Jean-Francois Perigois hopped on a bus in Phnom Penh and ended up discovering the hidden beauty of Ho Chi Minh City.
The overland bus trip from Phnom Penh to Ho Chi Minh City in neighbouring Vietnam is a convenient getaway, if Cambodia just gets a bit too much for you.
The 220-kilometre trip usually takes about 6 hours and after crossing the border point, it is usually a breeze on the highway to get to Ho Chi Minh City.
Most buses from Phnom Penh, end their journey at Pham Ngu Lao Street in Ho Chi Minh City, on the western edge of the central District 1. Pham Ngu Lao Street is a favourite haunt for backpacker travellers with affordable hostels, guesthouses and small boutique hotels offering clean rooms for around $20 a night.
District 1 is also known as Dong Khoi and is the main commercial hub of Ho Chi Minh City. It’s also the fun part of the city with its nightlife and shopping.
Dong Khoi St was the centre of life during the heydays of French colonialism when it was also known Rue Catinat. It is home to many of old Saigon’s most memorable colonial era buildings.
One of the iconic buildings in Dong Khoi St is the Notre Dame de Saigon Cathedral that was built in 1877 with bricks imported from Toulouse in southern France. The building of the cathedral’s tower was completed in 1895.
Just across the road from the Notre Dame Cathedral is the majestic Central Post Office, now sporting a new coat of paint. Designed by the French architect Gustave Eiffel and completed in 1891, the, Saigon Central Post Office is renowned as one of the finest examples of Renaissance architecture in Vietnam.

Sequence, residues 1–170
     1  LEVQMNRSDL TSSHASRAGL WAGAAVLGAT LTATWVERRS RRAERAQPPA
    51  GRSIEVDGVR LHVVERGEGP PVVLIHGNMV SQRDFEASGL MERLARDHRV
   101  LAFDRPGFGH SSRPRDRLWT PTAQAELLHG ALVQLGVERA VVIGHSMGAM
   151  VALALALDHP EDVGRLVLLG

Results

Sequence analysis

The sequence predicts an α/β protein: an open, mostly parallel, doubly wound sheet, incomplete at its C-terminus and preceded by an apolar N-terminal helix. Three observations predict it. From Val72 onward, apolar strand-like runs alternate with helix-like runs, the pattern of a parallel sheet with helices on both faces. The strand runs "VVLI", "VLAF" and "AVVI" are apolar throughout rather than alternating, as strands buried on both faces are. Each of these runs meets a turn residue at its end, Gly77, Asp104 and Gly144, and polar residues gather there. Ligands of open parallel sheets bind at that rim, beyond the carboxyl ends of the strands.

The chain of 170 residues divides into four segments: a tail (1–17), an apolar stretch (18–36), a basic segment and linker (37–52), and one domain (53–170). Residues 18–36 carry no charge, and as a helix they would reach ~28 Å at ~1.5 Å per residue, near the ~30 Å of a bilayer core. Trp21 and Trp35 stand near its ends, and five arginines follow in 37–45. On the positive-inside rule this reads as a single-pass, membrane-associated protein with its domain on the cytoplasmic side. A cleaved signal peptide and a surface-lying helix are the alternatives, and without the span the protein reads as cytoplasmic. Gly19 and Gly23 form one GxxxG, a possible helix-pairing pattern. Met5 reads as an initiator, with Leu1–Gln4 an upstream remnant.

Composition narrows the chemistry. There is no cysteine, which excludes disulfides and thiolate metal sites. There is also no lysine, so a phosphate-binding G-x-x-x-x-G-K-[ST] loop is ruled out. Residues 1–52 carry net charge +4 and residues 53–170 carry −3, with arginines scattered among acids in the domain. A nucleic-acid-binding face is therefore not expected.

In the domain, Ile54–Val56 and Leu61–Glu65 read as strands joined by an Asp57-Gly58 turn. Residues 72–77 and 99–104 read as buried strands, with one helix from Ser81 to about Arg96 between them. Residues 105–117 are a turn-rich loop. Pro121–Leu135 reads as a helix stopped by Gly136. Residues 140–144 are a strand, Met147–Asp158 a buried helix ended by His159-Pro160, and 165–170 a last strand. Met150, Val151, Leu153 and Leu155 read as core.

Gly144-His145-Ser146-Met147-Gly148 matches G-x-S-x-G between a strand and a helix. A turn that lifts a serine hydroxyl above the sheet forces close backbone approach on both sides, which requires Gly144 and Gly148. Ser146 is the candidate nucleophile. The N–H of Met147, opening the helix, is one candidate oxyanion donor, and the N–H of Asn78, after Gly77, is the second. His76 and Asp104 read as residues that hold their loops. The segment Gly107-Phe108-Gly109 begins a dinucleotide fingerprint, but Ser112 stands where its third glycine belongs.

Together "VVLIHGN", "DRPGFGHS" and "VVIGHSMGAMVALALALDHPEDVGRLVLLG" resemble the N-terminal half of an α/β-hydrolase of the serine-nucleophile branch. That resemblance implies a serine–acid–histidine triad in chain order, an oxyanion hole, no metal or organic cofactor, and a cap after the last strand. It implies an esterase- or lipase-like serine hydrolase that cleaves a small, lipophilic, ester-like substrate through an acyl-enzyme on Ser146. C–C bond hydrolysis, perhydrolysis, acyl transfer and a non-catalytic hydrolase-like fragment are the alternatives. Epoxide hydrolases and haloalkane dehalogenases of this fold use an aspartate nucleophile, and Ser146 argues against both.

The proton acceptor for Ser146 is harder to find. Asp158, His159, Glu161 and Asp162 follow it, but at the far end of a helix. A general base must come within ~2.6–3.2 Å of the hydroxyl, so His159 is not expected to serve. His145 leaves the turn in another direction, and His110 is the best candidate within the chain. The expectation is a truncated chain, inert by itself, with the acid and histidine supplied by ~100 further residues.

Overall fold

The Central Post Office is to be admired with its rows of arched windows, the large clock above the main entrance with the Vietnamese flag fluttering above in the wind. When one steps inside, a colourful mosaic hanging on the wall, which depicts the life of revolutionary leader Ho Chi Minh in detail, will greet them. Stamp collectors can also find an array of rare stamps on sale inside the post office.
A couple of metres from the Central Post Office, on the way to the Saigon River, is the famous Continental Hotel where the late Graham Greene stayed when he wrote “The Quiet American” – a novel about the Vietnam War.
Across the Continental Hotel is the magnificent Saigon Opera House, which is also known as the Municipal Theater. The Saigon Opera House was built in 1898 by the French architect Eugene Ferret, following the “flamboyant” style of the French Third Republic.
After a busy day of walking and shopping in District 1, one could take a break before dinner and enjoy the nice sunset view at the Sky Deck bar on the 58th floor of Bitexco Tower. Designed by renowned American Architect Carlos Zapata, this 68-storey tower houses offices, shops, restaurants, and a helipad. CNNGo recently ranked the building fifth in their listing of the world’s 20 most iconic skyscrapers.